Your second point PNK is an interesting one too, as the state of the AIR files at TNA has always been an issue for me. They are very often in poor physical condition with treasury type tags not allowing one to view anything larger than fullscap. As one is not allowed to dismantle files, it has led to tearing of the pages. Hence receiving files in poor condition. There is no excuse for this and the issue has been pointed out on several occasions to the staff there. How many times does one come across missing files, or parts been removed by staff and placed else where, AHB borrowing files and taking several months to return them. Or in some cases parts of files having been stolen? The Dambusters and RAF Scampton springs to mind. That said, these are relatively minor gripes and I agree completely with Opel about TNA staff and the general running of the national archives.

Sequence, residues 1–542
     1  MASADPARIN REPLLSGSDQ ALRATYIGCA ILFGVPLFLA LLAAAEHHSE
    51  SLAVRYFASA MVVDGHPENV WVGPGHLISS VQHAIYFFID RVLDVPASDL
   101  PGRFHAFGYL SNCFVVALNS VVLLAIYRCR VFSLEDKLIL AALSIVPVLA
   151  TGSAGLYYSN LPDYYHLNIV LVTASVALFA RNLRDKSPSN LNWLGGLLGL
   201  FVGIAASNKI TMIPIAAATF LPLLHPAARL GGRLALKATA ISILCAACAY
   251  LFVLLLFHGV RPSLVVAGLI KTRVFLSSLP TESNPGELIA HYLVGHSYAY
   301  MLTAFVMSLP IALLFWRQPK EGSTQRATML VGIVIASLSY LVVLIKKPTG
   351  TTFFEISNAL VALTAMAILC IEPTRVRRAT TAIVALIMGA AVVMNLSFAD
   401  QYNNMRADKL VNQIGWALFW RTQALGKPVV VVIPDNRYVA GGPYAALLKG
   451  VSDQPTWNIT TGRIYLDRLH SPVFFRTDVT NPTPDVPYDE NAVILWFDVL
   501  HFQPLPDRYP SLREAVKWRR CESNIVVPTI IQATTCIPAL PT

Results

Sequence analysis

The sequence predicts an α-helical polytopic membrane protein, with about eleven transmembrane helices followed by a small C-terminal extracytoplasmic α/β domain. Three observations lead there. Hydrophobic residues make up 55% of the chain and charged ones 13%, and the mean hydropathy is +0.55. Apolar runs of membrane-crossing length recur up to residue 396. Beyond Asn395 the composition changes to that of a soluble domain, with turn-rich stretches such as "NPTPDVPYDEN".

Opel, some deep and inquisitive comments you have made. Might I ask, do you have a professional interest? I wonder.
To allay any fears some might have about our motives, ability and integrity might I point out that we have not entered into this with rose-tinted glasses. The Archive, as an idea and an entity, its aims and ambitions, are well described here and elsewhere on the this web site. It is worth considering that in some instances, a great quantity of material from smaller, private collections is offered up the larger bodies who, for a variety of reasons, will refuse it. This is not a failing on the part of them as institutions. Reasons may include for example it not being within their scope. A smaller collection, such as ours, is able to cater for the niche market in terms of archives thus ensuring items of direct relevance to the history and archaeology of airfields is considered for preservation which might otherwise be lost.